Lessons From…Penny Arcade: The Series

For those of you unfortunate souls not aware of Penny Arcade, allow me to quickly illuminate you on the subject. Penny Arcade is a long running web-comic that spawned a multifaceted international corporation consisting of conventions, comic series, video programming, podcasts, a charitable organization, and probably more to come.  While at times the company has come under criticism and ire, the people in charge manage to acknowledge their errors and come out the other end a little bit smarter and more compassionate.

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To be perfectly honest, the lessons contained in PA: The Series would be enough to fill several tomes of analytic research and theory, so containing them all within a single post seems futile. Perhaps I will write several posts about the series but for now I want to focus on three specific lessons found in the show.

First off, reality television does not have to be utter crap! I know; I was surprised as well with this revelation. The entire premise of Penny Arcade: The Series is a behind the scenes look at the company of Penny Arcade and how they began, work , and continue to create and grow. Obviously, this did not revolutionize or create a new premise when it comes to reality television programming. However, unlike standard reality fodder, there are no convoluted situations to drum up drama or scandalous enjoyment. Instead, the audience views actual people who want to be creative and productive with each other. They do not tear each other down or try to gain an advantage over the other. They work together and care for one another. Amazingly, this not only does not deplete the enjoyment of the show but actually makes for entertaining and compelling programming.

Second, I have written on the topic of choosing a family through friends before, but PA: The Series exemplifies this concept throughout the entire show. Every person that works for Penny Arcade can best be described as an ‘odd duck.” Yet, at Penny Arcade, their collective weirdness merges to form a “work family.” They are not just coworkers but friends and family, perhaps even more so than the family they were born into. No episode demonstrates this more than “Happy Holidays.” At one point during the jovial celebrations, Mike and Jerry actually specify what role each person plays in their makeshift family.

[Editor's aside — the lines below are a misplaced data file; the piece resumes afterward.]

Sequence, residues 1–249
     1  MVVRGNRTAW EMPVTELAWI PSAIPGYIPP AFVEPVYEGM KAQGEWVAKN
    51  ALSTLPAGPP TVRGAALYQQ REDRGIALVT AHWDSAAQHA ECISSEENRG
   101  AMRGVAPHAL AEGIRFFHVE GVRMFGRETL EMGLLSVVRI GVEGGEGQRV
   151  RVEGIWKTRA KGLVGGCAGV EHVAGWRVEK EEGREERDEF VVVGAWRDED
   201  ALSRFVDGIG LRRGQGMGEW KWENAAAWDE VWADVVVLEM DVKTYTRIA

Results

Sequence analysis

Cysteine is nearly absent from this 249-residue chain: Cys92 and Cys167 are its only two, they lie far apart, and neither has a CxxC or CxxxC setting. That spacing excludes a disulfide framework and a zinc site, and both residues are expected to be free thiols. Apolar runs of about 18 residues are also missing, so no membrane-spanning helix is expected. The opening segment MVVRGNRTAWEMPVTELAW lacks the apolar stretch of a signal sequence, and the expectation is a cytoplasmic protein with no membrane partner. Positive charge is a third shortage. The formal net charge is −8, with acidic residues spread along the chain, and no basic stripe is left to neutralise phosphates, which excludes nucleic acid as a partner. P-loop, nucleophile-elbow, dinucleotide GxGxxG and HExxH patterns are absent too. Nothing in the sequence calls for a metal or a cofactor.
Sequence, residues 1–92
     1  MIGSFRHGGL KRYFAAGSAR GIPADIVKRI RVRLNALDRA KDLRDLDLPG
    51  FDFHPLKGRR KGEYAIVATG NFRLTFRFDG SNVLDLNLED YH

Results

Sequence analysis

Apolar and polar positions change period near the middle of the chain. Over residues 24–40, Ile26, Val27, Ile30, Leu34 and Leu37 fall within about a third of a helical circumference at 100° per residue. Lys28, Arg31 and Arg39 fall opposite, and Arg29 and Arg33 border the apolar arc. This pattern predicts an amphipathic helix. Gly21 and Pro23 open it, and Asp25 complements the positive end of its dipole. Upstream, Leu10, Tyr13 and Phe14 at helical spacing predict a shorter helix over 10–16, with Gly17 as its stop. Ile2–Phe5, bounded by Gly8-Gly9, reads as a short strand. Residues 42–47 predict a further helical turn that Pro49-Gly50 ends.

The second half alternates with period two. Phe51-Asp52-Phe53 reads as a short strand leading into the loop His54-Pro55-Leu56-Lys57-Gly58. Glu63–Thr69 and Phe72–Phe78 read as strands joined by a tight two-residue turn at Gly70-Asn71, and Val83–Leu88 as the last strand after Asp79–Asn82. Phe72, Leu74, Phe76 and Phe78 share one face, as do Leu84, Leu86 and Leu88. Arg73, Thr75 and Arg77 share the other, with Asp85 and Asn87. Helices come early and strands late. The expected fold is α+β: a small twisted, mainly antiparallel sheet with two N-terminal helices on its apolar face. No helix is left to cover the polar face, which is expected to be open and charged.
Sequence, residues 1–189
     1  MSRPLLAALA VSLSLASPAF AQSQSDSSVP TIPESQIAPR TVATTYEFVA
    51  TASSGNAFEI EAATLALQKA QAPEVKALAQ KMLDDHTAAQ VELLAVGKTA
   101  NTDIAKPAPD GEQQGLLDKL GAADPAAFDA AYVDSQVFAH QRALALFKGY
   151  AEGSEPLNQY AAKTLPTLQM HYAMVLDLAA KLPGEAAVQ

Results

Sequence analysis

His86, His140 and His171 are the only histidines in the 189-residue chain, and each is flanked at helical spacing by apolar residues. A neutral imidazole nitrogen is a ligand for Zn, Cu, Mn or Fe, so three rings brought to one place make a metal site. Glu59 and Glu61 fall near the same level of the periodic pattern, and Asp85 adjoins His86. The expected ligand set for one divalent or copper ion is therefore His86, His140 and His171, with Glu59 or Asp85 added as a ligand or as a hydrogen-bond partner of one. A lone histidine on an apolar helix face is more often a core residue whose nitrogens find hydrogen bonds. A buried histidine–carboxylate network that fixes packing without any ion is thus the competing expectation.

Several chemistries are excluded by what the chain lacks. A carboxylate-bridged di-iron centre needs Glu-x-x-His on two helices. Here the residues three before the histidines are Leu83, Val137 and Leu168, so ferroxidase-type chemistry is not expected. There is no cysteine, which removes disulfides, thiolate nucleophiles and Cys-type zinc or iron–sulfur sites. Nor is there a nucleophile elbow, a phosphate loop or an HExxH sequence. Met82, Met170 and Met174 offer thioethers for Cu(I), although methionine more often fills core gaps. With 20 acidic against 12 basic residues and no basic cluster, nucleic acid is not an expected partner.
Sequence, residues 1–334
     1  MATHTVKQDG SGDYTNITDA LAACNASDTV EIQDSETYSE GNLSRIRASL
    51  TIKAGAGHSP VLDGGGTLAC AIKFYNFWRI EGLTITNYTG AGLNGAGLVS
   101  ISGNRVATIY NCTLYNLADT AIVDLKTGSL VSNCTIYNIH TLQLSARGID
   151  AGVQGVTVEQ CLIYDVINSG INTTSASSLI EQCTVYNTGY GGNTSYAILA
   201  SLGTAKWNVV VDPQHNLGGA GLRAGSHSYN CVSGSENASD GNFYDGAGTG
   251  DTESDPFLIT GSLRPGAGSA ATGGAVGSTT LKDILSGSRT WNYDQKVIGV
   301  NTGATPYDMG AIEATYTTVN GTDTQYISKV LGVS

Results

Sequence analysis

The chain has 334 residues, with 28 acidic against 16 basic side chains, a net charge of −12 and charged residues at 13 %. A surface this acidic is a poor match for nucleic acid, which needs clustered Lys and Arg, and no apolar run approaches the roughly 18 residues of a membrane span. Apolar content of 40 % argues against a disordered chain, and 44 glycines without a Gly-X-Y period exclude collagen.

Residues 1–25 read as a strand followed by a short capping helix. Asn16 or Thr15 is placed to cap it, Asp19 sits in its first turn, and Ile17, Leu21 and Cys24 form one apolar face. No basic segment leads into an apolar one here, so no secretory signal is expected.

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Finally, for now, PA: The Series demonstrates, through interviews with Mike and Jerry, the creators of Penny Arcade, the perils of creative work. By all measurable, and intangible, accounts, Penny Arcade is a successful company. It is profitable, self-sufficient, and ever expanding into different avenues, creative and commercial. The creators are not unaware of their success and are even more conscience of the fact that it could all be taken from them at a moment’s notice. In the first season of the series, the interviewers ask Mike and Jerry if they think about what would happen if everything just stopped or went away. They consider that possibility every day and that is why they continue to put their heart and soul into their work to be “worthy of the audience they have been given.” Though some might have become complacent or focus on the funds, these two manage to continue to care about the art and making sure that they earn their audience every day. Hopefully, all artists will be so luck and thoughtful.

I know this post was a bit long so here is the shorthand: reality (television) does not have to suck, the “family” you choose is at times better than the family your born into, and artists, regardless of their level, should earn their audience and recognition with every act and piece.

Thus ends the lesson.

(All images are © COPYRIGHT 1998 – 2014 PENNY ARCADE, INC.)

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5 thoughts on “Lessons From…Penny Arcade: The Series

  1. Reading pa has been a tradition of mine I’ve kept for about fourteen years. It, along with the simpsons, is perhaps the longest, most interrupted relationship I’ve had. I havent gotten into their other media so much but tycho and gabe grew uo alongside me.

    • I’ve told you about the series before and I still recommend you watch it. Still the comic, and its offshoots, are what keep me coming back for more. On a random note,I want to find a Mike and Robert to work with.

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